|LETTER TO THE EDITOR
|Year : 2021 | Volume
| Issue : 2 | Page : 88-89
Does resident teaching improve medical students' national board of medical examiners knowledge and satisfaction with residents as teachers
Charles Preston Pugh, Rebecca Latch
Department of Pediatrics, University of Arkansas for Medical Sciences; Department of Pediatrics, Arkansas Children's Hospital, Little Rock, Arkansas
|Date of Submission||23-Feb-2020|
|Date of Decision||16-Sep-2020|
|Date of Acceptance||29-Mar-2021|
|Date of Web Publication||21-Dec-2021|
Charles Preston Pugh
Department of Pediatrics, University of Arkansas for Medical Sciences, 4301 W. Markham Street, Little Rock 72205
Source of Support: None, Conflict of Interest: None
|How to cite this article:|
Pugh CP, Latch R. Does resident teaching improve medical students' national board of medical examiners knowledge and satisfaction with residents as teachers. Educ Health 2021;34:88-9
|How to cite this URL:|
Pugh CP, Latch R. Does resident teaching improve medical students' national board of medical examiners knowledge and satisfaction with residents as teachers. Educ Health [serial online] 2021 [cited 2022 May 26];34:88-9. Available from: https://www.educationforhealth.net/text.asp?2021/34/2/88/332960
Despite formal training, residents are often tasked with a key role of contributing to the clinical education of medical students. Residents are in a unique position in that they are not professional educators, but they are expected to teach while they themselves continue to learn. It is estimated that residents spend a quarter of their time teaching regardless of their future career, and survey data have demonstrated that students often view residents as some of their most important clinical teachers.,
In evolving medical curriculum, residents have been increasingly involved in teaching medical students. In fact, in the United States alone, as many as 50% of medical programs have implemented resident as teachers' courses to train residents in the methodology of education. Despite growing acknowledgment of the importance of resident teaching, there has been conflicting evidence as to whether residents can have an observable impact on medical students' examination knowledge.,,
At present, at many institutions, students' examination knowledge is measured by the National Board of Medical Examiners (NBMEs). Previous literature has tried to identify correlations between high resident teaching evaluations and medical students' examination scores, but few studies have tried to examine if standardized resident teaching can be implemented to have a measurable impact on students' NBME scores.
We want to share our experience in introducing a resident developed pediatric review and the positive impact on both medical students' NBME pediatric examination scores and medical students' perception of residents as teachers.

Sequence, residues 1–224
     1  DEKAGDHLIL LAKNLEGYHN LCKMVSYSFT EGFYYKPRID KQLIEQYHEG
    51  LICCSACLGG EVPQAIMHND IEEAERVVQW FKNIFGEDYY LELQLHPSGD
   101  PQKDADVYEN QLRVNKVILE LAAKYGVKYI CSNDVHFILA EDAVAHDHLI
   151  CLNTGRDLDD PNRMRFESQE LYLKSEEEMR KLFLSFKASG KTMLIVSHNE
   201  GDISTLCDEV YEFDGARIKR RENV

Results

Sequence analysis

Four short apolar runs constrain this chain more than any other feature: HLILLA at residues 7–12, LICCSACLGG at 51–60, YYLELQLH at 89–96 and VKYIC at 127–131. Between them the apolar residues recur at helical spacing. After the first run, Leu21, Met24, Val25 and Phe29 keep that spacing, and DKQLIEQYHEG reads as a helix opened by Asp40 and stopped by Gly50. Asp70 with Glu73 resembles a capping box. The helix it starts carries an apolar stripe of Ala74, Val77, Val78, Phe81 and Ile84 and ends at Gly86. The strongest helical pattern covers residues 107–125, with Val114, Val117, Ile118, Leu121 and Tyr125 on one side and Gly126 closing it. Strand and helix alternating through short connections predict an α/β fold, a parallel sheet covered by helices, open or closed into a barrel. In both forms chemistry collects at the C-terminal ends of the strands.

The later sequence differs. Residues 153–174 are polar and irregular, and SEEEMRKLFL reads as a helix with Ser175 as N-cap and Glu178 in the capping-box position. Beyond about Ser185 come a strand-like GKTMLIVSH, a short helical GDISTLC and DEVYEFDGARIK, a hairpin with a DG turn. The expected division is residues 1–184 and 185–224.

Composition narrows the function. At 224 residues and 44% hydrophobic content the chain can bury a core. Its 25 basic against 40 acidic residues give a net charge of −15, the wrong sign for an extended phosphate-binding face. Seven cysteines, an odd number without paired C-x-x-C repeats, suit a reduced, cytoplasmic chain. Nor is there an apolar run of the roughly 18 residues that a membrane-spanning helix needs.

A resident pediatric review was developed into lecture format to cover the most common pediatric NBME topics. This was given 1 week before each final clerkship examination to 290 students in 6-week groups from January 2019 to December 2019. The mean percent scores were normalized to obtain a national percentile rank based on the NBME pediatrics academic quartile and academic year norms. Normalized ranks of the 2019 intervention groups were then compared to normalized ranks of a 2018 preintervention group. The mean national percentile ranks were analyzed by the use of t-test. In addition, an end of clerkship questionnaire, Likert type data (1 = strongly disagree and 5 = strongly agree), was used to assess students' perception of resident teaching. A bar plot demonstrates the students' perception of resident teaching before and after receiving the resident teaching [Figure 1].
|Figure 1: Medical students' perception of resident teaching after implementation of structured resident teaching|
Click here to view
When normalized for each quartile, results reflect a positive difference in the postintervention rankings, mean of 47 ± 9.57 compared to the preintervention rankings, mean of 42.8 ± 12.41 (P = 0.037). When normalized for academic year, results reflect a positive difference in postintervention rankings, mean of 45.33 ± 4.41 compared to the preintervention group, mean of 39.17 ± of 8.64 (P = 0.045). In addition, the postclerkship survey identified an improved perception regarding residents as teachers.
We identified an objective increase in both the NBME scores and perception of resident teaching after the implementation of a resident-led review. This supports the notion that resident teaching can positively impact both students' knowledge and how learners view resident teaching.
Financial support and sponsorship
Conflicts of interest
There are no conflicts of interest.
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